At one point or another, everybody has tried analysing their dreams. We’ve all seen those A-Z dream dictionaries that can supposedly tell you exactly what your dreams mean in just a few sentences, but the interpretation of our dreams is not an exact science and it can’t be oversimplified to the point of universal meaning. Dreams are unique to the individual and require deep thought into our psyches. Humans are complex beings and our dreams are no different, which is where Sigmund Freud comes in.
Freud’s thoughts and theories were all based on the unconscious mind, and therefore often our dreams. He first came to realise the significance of them when his patients frequently described their dreams to him during free association (when a patient is put into a state of self-observation, and reports whatever internal observations they make) and went on to publish an entire book dedicated to the meaning of dreams. In this book he theorised that dreams were the conscious manifestation of our unconscious desires that we were unable to achieve in waking life.
But what about those truly bizarre dreams that seem to have no real meaning? According to Freud, every single dream represents a wish fulfilment, meaning that the strange sexual fantasy you had about refrigerators that one time probably says something significant about your needs.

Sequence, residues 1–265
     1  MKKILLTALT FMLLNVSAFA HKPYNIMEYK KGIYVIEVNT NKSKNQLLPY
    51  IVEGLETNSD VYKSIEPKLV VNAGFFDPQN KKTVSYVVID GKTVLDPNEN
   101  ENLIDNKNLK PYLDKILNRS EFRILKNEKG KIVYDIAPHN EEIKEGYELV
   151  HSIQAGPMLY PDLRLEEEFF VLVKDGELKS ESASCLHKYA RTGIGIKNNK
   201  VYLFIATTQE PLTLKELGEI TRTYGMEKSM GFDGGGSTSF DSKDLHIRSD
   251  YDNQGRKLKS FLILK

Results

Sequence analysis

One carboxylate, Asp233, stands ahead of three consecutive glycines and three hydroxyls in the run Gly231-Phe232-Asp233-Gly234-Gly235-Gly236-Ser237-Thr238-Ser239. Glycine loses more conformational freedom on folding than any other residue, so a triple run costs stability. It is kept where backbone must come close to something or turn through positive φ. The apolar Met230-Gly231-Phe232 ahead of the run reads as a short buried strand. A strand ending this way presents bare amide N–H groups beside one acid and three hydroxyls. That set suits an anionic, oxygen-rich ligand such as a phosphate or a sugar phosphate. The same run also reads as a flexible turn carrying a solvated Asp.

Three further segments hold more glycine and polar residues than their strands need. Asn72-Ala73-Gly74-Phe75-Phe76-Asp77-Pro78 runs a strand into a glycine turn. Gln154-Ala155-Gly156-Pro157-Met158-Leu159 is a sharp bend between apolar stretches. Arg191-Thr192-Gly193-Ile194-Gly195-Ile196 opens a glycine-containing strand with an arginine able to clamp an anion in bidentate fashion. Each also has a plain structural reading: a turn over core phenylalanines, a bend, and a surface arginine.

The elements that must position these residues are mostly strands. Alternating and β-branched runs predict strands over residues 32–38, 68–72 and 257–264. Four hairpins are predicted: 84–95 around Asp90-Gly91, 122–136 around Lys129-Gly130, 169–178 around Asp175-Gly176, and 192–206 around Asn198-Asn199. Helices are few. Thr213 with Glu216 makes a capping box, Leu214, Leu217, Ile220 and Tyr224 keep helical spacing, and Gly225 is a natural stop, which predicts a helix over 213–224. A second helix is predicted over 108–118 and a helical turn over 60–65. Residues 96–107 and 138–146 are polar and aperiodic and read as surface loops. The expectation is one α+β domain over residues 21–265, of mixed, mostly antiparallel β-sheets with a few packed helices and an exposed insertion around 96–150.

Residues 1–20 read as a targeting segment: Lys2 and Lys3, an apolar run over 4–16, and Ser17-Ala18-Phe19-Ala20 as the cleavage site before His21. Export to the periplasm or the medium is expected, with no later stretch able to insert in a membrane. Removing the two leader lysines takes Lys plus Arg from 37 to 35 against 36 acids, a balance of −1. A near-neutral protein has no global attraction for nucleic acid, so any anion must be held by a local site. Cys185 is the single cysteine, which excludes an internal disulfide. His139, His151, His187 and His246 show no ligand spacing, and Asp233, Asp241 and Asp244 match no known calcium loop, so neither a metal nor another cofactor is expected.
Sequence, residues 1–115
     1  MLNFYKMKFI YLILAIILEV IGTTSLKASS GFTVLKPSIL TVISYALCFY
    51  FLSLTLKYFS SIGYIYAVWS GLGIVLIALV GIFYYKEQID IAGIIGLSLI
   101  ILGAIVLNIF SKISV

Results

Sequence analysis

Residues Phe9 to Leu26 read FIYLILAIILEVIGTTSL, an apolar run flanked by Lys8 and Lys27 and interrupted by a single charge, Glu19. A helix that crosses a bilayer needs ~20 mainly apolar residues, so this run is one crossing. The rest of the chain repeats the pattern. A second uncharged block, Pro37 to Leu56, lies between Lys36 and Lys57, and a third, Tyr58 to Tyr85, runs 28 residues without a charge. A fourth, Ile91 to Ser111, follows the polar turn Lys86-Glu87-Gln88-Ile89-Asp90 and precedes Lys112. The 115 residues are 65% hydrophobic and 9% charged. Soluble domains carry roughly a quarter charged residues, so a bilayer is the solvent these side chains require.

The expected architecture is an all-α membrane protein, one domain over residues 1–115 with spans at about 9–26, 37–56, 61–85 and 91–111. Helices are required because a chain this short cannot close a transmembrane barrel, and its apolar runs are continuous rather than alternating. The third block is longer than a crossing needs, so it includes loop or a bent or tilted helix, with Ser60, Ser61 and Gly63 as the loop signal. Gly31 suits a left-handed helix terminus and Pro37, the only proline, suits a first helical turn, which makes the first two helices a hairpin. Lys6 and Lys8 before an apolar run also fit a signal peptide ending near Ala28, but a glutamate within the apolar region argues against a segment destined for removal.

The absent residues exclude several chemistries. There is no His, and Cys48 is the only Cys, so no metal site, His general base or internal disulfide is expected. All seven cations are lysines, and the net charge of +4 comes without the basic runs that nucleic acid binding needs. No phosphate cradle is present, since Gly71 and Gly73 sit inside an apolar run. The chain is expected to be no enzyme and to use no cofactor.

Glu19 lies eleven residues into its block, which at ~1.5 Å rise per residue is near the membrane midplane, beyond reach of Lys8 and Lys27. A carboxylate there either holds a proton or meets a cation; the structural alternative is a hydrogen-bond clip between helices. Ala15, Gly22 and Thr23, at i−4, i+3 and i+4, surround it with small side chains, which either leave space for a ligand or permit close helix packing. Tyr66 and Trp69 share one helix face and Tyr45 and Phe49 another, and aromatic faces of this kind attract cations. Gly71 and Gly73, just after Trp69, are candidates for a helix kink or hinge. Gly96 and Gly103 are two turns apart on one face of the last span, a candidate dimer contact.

As dreams are all based on repressed desires Freud concluded that these desires are infantile, yet this doesn’t explain how our dreams refer to recent thoughts and events, such as the thoughts we have right before we go to sleep. Most commonly, our dreams are based off of the things that happened to us the previous day, and therefore Freud added that dreams are constructed of two parts. The past and the present. The present is made up of the residues of the previous day – such as unfulfilled wishes or disappointments that we have not been able to deal with – and the past consists of childhood desires we have repressed. Our repressed wishes are always trying to manifest themselves and so when we dream they use the day’s events as a way of doing so. These unconscious desires are constantly threatening to disrupt our sleep, and our psyche handles this by creating a dream.
However, Freud’s theories are often viewed as outdated. More modern psychologists believe that dreams have less to do with our desires and more to do with our worries or preoccupations. Dreams may be used as an integral part of the coping process and as a way of resolving our issues, as found by Rosalind Cartwright in her study on solving problems using dreams. She discovered that during a time of crisis, the people who recovered more rapidly dreamt longer and sooner in their sleep cycle.
Others believe dreams have no meaning at all and are just a jumble of thoughts and memories that have no real significance, which is probably reassuring to the one person reading this who actually did have a fridge sexual fantasy.
What do you think? Are you the kind of person who reads heavily into their dreams, or do you just dismiss them without a second thought?